Ketamine hydrochloride has a wide range of effects in humans including analgesia, anaesthesia, hallucinations, raised blood pressure and bronchodilation. It is primarily used for the induction and maintenance of general anaesthesia, usually in combination with some sedative drug. It is used in intensive care, for analgesia (particularly in emergency medicine), and treatment of bronchospasm. It is also a popular anaesthetic in veterinary medicine. Back to all training on drugs »
There are an estimated 90,000 Ketamine users in the UK. Druglink magazine highlights that Ketamine use is still increasing in the UK despite it being a Class C drug. Some services are starting to also see an increase in injecting users as well as those snorting the drug.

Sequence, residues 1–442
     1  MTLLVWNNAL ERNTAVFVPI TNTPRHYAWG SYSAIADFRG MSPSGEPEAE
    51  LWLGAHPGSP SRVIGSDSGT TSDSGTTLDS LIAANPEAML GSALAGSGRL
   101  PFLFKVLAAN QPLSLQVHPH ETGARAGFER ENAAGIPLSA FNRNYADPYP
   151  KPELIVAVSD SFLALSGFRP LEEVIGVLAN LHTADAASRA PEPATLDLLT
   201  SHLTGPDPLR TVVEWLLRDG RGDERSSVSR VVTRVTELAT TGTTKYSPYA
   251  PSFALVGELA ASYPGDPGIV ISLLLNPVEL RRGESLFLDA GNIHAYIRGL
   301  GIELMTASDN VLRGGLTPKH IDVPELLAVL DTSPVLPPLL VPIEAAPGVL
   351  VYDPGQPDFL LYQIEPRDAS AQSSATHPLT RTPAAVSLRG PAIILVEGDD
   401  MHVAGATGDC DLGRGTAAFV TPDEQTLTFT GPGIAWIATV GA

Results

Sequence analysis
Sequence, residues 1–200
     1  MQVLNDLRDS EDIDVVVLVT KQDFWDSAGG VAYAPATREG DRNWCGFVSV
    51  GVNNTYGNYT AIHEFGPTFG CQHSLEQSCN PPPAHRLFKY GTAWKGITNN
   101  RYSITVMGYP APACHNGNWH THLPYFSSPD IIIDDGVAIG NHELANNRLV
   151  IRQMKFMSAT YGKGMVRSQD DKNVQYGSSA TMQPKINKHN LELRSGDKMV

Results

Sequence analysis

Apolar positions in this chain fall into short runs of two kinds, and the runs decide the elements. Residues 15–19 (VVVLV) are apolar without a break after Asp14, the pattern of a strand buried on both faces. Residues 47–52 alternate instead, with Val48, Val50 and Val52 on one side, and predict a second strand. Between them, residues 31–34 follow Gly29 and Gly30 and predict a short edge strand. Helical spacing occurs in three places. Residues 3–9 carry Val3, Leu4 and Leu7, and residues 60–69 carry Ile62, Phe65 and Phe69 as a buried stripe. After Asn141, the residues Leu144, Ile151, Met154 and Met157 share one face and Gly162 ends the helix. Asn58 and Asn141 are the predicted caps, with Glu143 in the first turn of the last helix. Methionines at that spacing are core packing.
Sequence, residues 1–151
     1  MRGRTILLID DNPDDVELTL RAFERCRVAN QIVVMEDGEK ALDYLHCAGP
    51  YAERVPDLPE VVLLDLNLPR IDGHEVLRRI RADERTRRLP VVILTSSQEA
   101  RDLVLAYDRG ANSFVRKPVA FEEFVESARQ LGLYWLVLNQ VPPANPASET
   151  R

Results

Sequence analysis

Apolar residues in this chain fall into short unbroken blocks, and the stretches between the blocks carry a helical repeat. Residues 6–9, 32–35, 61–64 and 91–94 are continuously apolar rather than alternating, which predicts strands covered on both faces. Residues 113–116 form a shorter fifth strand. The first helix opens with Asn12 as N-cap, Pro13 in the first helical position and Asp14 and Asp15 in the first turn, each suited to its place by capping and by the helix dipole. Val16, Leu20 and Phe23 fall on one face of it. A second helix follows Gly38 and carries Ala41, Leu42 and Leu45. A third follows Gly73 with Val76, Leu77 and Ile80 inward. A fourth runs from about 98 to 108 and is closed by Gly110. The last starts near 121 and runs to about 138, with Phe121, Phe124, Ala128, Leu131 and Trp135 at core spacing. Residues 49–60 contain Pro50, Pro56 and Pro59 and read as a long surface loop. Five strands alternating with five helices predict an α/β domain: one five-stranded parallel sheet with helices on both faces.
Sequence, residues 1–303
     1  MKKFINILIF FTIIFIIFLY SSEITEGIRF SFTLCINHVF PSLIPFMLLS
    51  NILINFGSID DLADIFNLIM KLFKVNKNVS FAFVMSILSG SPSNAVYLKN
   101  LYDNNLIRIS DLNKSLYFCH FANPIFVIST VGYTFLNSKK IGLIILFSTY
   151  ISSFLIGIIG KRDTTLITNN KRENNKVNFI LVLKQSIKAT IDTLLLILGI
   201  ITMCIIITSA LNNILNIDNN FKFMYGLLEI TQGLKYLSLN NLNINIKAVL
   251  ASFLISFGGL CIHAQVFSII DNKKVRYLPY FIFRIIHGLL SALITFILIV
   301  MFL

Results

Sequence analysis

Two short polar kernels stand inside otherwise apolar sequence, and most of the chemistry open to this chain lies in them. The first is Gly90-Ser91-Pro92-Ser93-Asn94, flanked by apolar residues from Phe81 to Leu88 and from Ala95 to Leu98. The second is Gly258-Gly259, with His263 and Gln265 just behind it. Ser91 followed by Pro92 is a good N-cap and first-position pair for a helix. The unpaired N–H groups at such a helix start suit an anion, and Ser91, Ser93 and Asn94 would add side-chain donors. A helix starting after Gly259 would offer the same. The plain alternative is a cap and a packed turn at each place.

Pharmacologically, Ketamine is classified as an NMDA receptor antagonist, and at high, fully anaesthetic level doses, Ketamine has also been found to bind to opioid receptors and sigma receptors in the brain.
Ketamine hydrochloride is sold as Ketanest, Ketaset, and Ketalar. Like other drugs of this class such as phencyclidine (PCP), it induces a state referred to as "dissociative anaesthesia" and is used as a recreational drug.